U.S. Veteran Denied Access to Amusement Park Ride Due to Prosthetics

Earlier this month, a retired U.S. Marine bomb technician Johnny “Joey” Jones, who walks on two prosthetic legs, was kicked off a ride at Six Flags due to not having “real legs.” Jones served as a bomb technician in Iraq and Afghanistan, where he lost both of his legs from an improvised explosive device.

In response, Jones tweeted to all veterans who now use prosthetics.

“SeaWorld, Universal Studios, and Disney will literally move mountains for you. Six Flags will tell you ‘nah bro, you gotta have two real legs.'”

Six Flags responded to Jones, claiming that this rule is a part of their safety policy. “Guests with certain disabilities are restricted from riding certain rides and attractions,” they responded.

Other parks allow amputees to enjoy similar rides without it posing any safety risk.

Jones Calls for Action

The ride in question had a safety bar secured across patrons’ laps. Jones’s legs were not dangling from the ride. Despite this, his prosthetics were still deemed a safety risk.

Jones realized that he wasn’t even able to ride the tilt-a-whirl after researching the park’s policy. In an interview with “Fox and Friends,” Jones said he is restricted to “pretty much things that don’t move.”

Since then, Jones has simply been asking for Six Flags to review its policy.

“So my message to Six Flags is, I don’t hate you, I don’t want to tell people not to go there. I want you to apply the same type of care and thoughtfulness that Universal Studios, Disney, SeaWorld, and everywhere else I’ve gone and ridden roller coasters, and done so safely, I want you to apply the same knowledge and expertise that they apply.”

Memorial Day: Our Nation’s Most Moving Memorials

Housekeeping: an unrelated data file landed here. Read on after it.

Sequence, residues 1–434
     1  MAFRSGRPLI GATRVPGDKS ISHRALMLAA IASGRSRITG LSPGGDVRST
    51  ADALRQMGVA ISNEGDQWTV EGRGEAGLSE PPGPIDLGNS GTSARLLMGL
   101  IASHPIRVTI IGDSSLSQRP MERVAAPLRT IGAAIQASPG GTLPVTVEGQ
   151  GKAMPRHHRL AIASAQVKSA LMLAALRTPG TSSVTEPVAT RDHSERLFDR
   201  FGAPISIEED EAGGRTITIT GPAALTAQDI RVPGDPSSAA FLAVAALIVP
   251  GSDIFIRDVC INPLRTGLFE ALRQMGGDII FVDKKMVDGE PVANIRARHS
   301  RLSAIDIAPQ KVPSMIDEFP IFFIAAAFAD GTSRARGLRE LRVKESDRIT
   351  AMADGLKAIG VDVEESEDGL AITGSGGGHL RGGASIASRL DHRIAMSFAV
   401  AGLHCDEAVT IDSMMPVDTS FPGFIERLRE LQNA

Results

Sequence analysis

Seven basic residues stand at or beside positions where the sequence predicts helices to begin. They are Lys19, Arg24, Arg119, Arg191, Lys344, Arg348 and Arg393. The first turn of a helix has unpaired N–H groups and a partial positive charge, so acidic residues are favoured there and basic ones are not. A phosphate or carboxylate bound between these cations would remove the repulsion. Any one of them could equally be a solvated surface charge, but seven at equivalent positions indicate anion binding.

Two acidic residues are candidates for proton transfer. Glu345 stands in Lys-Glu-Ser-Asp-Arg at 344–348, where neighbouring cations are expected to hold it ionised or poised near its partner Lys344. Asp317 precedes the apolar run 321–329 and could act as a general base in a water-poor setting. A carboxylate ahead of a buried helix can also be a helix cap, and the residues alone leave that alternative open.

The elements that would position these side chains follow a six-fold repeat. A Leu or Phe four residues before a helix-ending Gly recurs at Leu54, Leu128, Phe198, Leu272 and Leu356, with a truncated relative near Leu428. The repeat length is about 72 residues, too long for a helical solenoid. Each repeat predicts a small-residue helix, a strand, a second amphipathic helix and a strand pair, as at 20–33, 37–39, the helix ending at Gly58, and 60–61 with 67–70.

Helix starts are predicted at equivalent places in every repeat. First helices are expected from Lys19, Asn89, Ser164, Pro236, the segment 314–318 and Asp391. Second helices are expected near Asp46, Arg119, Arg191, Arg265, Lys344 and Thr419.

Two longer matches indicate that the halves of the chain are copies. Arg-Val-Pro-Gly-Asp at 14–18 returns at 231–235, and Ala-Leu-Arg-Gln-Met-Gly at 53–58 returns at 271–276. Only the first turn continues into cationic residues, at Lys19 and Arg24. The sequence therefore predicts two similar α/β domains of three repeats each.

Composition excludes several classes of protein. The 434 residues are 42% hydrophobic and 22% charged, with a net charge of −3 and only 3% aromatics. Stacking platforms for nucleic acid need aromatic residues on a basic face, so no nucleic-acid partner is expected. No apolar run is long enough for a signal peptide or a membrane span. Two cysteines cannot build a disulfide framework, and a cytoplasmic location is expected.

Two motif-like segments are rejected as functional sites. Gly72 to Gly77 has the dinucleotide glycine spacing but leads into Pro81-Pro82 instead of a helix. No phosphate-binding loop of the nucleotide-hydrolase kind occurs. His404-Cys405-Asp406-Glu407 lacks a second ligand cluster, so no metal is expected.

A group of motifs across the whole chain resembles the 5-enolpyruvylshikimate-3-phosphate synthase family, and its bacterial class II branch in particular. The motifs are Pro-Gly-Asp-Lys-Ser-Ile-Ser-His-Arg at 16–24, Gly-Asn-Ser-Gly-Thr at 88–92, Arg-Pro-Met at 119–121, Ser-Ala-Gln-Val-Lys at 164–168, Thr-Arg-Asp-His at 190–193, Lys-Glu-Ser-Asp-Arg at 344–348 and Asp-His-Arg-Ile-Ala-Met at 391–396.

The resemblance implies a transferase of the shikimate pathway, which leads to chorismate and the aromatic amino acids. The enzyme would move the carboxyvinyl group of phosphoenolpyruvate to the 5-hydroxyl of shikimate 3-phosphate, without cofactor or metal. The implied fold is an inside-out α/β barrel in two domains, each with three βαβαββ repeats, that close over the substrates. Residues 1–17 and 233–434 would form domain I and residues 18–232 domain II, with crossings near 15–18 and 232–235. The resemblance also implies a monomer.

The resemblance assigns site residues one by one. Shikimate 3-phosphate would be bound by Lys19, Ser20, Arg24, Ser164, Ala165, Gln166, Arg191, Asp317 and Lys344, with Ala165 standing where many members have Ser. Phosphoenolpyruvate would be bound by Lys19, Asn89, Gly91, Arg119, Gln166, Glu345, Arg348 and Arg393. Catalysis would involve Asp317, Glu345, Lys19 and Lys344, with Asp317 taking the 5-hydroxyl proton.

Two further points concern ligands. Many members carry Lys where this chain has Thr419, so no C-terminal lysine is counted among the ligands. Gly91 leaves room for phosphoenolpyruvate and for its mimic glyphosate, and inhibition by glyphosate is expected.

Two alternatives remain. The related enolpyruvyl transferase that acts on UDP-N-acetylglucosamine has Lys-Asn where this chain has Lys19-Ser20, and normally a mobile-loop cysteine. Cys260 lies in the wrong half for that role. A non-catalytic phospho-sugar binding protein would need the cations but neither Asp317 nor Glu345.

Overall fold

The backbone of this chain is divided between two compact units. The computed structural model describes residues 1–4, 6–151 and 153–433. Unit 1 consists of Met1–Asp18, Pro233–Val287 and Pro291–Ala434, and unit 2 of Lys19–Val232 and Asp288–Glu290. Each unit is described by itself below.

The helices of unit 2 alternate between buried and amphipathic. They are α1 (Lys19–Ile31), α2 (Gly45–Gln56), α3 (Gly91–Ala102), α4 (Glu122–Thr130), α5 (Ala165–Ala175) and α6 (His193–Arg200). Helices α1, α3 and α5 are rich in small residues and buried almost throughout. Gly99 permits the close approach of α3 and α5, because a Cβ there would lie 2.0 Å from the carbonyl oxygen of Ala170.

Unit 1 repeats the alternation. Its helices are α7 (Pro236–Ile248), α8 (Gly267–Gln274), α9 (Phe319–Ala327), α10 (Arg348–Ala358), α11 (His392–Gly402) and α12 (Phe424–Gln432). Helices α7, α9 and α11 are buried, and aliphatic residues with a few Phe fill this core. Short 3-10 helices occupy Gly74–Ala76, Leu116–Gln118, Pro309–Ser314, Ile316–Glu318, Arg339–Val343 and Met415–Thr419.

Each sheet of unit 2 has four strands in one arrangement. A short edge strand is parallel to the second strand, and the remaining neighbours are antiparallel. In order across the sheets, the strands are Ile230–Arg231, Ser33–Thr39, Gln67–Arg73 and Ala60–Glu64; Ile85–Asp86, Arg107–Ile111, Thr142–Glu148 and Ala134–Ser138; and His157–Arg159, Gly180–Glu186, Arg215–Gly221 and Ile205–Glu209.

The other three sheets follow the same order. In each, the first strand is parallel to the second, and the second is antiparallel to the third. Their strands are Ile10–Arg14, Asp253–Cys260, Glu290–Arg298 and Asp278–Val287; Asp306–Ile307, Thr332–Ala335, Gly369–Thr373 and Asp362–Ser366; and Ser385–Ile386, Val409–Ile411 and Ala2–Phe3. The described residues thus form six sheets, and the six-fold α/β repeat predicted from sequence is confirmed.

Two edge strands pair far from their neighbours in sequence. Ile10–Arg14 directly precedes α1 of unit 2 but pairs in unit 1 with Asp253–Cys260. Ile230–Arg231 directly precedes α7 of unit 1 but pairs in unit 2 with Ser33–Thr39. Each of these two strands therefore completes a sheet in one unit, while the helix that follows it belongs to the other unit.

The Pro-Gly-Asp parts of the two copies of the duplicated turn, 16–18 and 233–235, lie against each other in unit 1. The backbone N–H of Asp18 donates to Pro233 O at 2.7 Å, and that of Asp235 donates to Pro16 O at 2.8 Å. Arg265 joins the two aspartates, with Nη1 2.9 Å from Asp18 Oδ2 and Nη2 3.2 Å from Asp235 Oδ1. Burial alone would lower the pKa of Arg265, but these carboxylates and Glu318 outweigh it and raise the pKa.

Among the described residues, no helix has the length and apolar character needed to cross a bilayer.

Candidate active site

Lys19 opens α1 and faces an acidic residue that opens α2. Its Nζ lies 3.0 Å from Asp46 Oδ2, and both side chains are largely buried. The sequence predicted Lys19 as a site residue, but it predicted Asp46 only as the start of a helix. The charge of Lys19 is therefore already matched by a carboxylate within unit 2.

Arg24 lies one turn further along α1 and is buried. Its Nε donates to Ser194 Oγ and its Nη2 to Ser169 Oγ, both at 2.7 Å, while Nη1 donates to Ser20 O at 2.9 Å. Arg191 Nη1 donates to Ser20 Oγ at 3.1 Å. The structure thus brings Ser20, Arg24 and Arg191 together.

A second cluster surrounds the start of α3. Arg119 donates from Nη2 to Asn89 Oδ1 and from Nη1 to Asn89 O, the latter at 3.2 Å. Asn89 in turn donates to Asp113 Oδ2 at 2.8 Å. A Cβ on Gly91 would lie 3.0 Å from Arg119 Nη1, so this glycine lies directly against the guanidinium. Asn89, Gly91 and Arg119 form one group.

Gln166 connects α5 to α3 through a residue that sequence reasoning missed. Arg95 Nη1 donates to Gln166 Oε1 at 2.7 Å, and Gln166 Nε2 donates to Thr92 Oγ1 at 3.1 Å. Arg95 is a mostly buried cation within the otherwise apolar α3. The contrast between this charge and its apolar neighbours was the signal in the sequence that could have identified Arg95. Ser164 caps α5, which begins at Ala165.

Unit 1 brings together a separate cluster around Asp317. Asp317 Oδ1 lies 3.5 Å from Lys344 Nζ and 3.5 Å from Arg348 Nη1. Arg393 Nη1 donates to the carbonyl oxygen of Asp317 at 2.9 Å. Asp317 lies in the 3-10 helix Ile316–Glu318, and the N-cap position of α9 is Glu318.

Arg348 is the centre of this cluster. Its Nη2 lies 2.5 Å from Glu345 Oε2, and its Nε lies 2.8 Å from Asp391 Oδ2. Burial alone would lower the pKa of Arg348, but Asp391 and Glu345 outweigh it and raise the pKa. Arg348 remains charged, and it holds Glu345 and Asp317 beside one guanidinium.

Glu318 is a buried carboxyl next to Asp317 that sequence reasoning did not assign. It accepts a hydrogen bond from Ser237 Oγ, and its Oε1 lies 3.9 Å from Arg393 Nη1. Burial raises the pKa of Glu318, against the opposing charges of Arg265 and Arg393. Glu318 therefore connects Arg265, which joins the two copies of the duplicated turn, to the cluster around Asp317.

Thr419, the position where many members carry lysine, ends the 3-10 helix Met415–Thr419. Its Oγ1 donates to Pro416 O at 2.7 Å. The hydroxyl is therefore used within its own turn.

This Memorial Day, we honor all the brave men and women who gave their lives in service to the United States. Memorial Day began after the Civil War, but Congress only made it an official holiday in 1971. As we honor the sacrifice of these brave Americans, we remember them at important memorial sites around the world.

World War II Memorial

In 2004, this beautiful plaza opened to the public. It has a granite pillar for each state and territory that was part of the United States during the war. At the center, a pool with fountains appears before a wall with 4,048 gold stars. Each star represents 100 Americans who died during the war. Before visitors reach the memorial, they see an inscribed curb with the words, “Here we mark the price of freedom.”

Normandy American Cemetery and Memorial

When the Allied troops landed on the beaches of Normandy, they suffered massive casualties at the hands of the Axis powers. The U.S. military established a temporary cemetery near Colleville-Sur-Mer, France. Now, a beautiful memorial stands near the cemetery. In gratitude for their nation’s liberation from the Nazis, France granted the United States the right to own the cemetery permanently and without cost.

USS Arizona Memorial

This memorial marks the final resting place of 1,102 servicemembers who were killed in the Pearl Harbor attack. It floats above the sunken remains of the USS Arizona. Visitors make a special trip to see this memorial, which is only accessible by boat.

Vietnam Veterans Memorial

When college student Maya Lin won the contest to design this memorial, she could not have known that it would become an icon of American sacrifice. The famous wall bears the names of 58,282 people who lost their lives in the war.

Tomb of the Unknown Soldier

In 1921, this somber and meaningful site opened in Arlington National Cemetery. It honors those who died and for whom identifiable remains were never found. Army soldiers guard the tomb every single day, in all weather. They use a pattern of 21 steps and 21-second pauses, which mirrors the highest military honor: the 21-gun salute.

Pentagon Purchasing Agent Loses Over $800 Million in Taxpayer Money

An internal audit obtained by POLITICO shows the Defense Logistics Agency, one of the largest agencies in the Pentagon, can’t account for over $800 million of spending.

Accounting firm Ernst & Young found the Pentagon’s purchasing agent has such poor management that hundreds of millions in purchases are not properly recorded. This leads to questions about where exactly the money actually went.

Missing Taxpayer Money

The Pentagon has long been under fire for its shoddy accounting practices, which are infamous for being wasteful. It’s never been subjected to a full audit, but with DLA controlling over $40 billion per year, that’s not coming anytime soon.

DLA has 25,000 employees that process over 100,000 orders a day for the military and other federal agencies. The auditors found, however, that the agency cannot point to a documentation trail for most of its purchase. This means hundreds of millions of taxpayer dollars are currently unaccounted for.